Now, new research published in Neurobiology of Sleep and Circadian Rhythms shows the adverse effects of shift work can be long-lasting, even after returning to a normal schedule.
As most Americans wind down for bed, 15 million people are just clocking into work.
These hospital workers, emergency responders, factory operators, and others are among the 20 percent of the world’s population who do shift work. Their different sleep-wake cycle elevates their risk for numerous health disorders, including diabetes, heart attacks, cancer, and strokes.
“Shift work, especially rotating shift work, confuses our body clocks and that has important ramifications in terms of our health and well-being and connection to human disease,” said David Earnest, professor in the Department of Neuroscience and Experimental Therapeutics at the Texas A&M University College of Medicine. When our internal body clocks are synchronized properly, they coordinate all our biological processes to occur at the right time of day or night. When our body clocks are misaligned, whether through shift work or other disruptions, that provides for changes in physiology, biochemical processes and various behaviors.”
A previous study done by Earnest and colleagues found animal models on rotating shift work schedules had more severe stroke outcomes, in terms of both brain damage and functional deficits than those on regular 24-hour cycles of day and night. Males were distinguished by worse outcomes in which mortality rates were much higher.
This new study took a different approach. Rather than examining the immediate effects of shift work on strokes, the researchers returned all subjects to regular 24-hour cycles and waited until their midlife equivalent when humans are most likely to experience a stroke — to evaluate stroke severity and outcomes.
“What was already born out in epidemiological studies is that most people only experience shift work for five to eight years and then presumably go back to normal work schedules,” Earnest said. “We wanted to determine, is that enough to erase any problems that these circadian rhythm disruptions have, or do these effects carry over even after returning to normal work schedules?”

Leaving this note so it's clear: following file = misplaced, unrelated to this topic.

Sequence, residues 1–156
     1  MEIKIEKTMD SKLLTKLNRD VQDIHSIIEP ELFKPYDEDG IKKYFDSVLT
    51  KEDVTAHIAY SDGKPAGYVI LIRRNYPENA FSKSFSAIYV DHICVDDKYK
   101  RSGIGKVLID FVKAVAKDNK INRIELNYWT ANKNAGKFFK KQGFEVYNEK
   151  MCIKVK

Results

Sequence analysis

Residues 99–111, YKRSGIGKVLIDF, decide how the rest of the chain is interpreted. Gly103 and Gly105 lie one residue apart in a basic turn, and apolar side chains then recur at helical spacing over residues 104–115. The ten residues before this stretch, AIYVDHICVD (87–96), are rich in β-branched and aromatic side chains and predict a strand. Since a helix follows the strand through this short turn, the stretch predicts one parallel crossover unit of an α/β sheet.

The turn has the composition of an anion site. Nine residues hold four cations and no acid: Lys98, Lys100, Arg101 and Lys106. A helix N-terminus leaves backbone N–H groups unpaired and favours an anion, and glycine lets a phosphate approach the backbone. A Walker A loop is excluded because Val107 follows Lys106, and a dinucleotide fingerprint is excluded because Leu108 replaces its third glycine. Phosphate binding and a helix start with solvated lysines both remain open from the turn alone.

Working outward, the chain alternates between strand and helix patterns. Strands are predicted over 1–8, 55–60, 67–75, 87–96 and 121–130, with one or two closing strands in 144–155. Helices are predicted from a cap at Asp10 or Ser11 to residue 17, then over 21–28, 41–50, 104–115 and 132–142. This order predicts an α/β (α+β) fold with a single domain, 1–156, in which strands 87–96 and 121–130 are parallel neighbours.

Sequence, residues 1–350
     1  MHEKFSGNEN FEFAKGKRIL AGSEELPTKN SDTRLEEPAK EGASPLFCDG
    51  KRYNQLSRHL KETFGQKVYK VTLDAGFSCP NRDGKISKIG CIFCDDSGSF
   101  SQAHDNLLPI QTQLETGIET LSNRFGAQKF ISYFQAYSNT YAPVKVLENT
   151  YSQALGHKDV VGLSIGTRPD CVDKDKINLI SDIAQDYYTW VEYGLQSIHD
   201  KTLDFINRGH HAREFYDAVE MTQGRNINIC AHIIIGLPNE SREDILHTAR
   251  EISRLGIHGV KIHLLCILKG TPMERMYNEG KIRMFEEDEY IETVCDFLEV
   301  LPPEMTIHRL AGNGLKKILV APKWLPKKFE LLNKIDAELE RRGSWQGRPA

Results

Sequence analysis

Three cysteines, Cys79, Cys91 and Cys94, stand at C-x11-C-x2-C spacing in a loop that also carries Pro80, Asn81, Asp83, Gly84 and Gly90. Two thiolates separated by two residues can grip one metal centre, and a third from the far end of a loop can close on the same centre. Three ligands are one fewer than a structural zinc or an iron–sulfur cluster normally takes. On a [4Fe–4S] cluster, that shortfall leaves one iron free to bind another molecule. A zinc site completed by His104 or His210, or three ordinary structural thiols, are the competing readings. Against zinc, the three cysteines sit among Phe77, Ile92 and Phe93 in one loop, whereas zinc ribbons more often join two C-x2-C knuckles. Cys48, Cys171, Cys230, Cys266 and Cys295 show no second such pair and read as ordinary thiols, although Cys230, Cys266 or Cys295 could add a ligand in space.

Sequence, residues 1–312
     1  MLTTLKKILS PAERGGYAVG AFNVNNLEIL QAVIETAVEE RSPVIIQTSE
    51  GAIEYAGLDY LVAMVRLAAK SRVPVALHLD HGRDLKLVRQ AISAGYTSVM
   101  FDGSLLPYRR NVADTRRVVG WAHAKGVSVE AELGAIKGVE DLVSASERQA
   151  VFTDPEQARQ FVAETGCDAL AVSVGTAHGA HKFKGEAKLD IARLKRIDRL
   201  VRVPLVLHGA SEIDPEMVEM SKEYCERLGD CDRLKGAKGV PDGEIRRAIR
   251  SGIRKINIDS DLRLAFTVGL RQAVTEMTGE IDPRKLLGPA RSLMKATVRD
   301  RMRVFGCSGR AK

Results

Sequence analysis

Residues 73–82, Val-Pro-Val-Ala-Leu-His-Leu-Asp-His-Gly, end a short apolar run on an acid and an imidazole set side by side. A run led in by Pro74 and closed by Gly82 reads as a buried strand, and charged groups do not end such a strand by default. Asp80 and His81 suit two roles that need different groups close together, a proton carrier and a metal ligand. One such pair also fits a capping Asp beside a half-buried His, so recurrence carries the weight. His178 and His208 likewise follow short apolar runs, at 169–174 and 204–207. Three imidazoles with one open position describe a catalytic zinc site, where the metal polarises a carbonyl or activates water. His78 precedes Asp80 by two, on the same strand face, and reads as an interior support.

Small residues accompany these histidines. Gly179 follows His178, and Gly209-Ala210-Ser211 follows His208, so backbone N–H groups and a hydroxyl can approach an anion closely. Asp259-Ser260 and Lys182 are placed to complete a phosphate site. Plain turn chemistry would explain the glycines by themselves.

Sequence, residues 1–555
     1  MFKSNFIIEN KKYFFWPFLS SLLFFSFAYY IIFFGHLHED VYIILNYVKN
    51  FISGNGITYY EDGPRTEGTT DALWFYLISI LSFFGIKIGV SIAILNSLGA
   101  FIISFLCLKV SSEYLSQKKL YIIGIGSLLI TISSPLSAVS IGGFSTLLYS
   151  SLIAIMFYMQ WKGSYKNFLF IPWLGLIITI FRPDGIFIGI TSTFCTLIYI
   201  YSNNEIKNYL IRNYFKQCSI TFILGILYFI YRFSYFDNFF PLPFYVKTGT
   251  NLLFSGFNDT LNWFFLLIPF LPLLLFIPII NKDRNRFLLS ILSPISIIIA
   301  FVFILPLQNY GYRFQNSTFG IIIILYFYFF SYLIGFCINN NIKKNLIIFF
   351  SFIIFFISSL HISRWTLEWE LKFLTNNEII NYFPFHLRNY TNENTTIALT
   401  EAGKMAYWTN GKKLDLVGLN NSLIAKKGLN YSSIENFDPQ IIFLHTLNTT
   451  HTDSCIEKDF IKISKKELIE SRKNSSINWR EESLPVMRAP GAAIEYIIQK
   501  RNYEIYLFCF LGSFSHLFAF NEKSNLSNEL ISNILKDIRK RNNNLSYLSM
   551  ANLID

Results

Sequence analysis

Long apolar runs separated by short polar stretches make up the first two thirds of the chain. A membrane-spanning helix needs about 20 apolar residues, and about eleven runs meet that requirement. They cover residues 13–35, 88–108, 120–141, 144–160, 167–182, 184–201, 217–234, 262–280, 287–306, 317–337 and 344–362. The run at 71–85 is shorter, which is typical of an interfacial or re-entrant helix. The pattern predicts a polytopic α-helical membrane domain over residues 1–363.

They found that the health impacts of shift work do, indeed, persist over time. The sleep-wake cycles of subjects on shift work schedules never truly returned to normal, even after subsequent exposure to a regular schedule. Compared to controls maintained on a regular day-night cycle throughout the study, they displayed persistent alterations of their sleep-wake rhythms, with periods of abnormal activity when sleep would have normally occurred. When they suffered strokes, their outcomes were again much worse than the control group, except females had more severe functional deficits and higher mortality than the males.
“The data from this study take on added health-related significance, especially in females, because stroke is a risk factor for dementia and disproportionately affects older women,” said Farida Sohrabji, professor in the Department of Neuroscience and Experimental Therapeutics and director of the Women’s Health in Neuroscience Program.
The researchers also observed increased levels of inflammatory mediators from the gut in subjects exposed to a shift work schedule.
“We now think that part of the underlying mechanism for what we’re seeing in terms of circadian rhythm disruption causing more severe strokes may involve altered interactions between the brain and gut,” Earnest said.
The results of this study could eventually lead to the development of interventions that block the adverse effects of disrupted circadian rhythms.
In the meantime, shift workers can improve the care of their internal body clocks by trying to maintain a regular schedule as much as possible and avoiding a diet high in fat, which can cause inflammation and also alter the timing of circadian rhythms.
This research has clear implications for shift workers, but it could extend to many other people who keep schedules that differ greatly from day to day.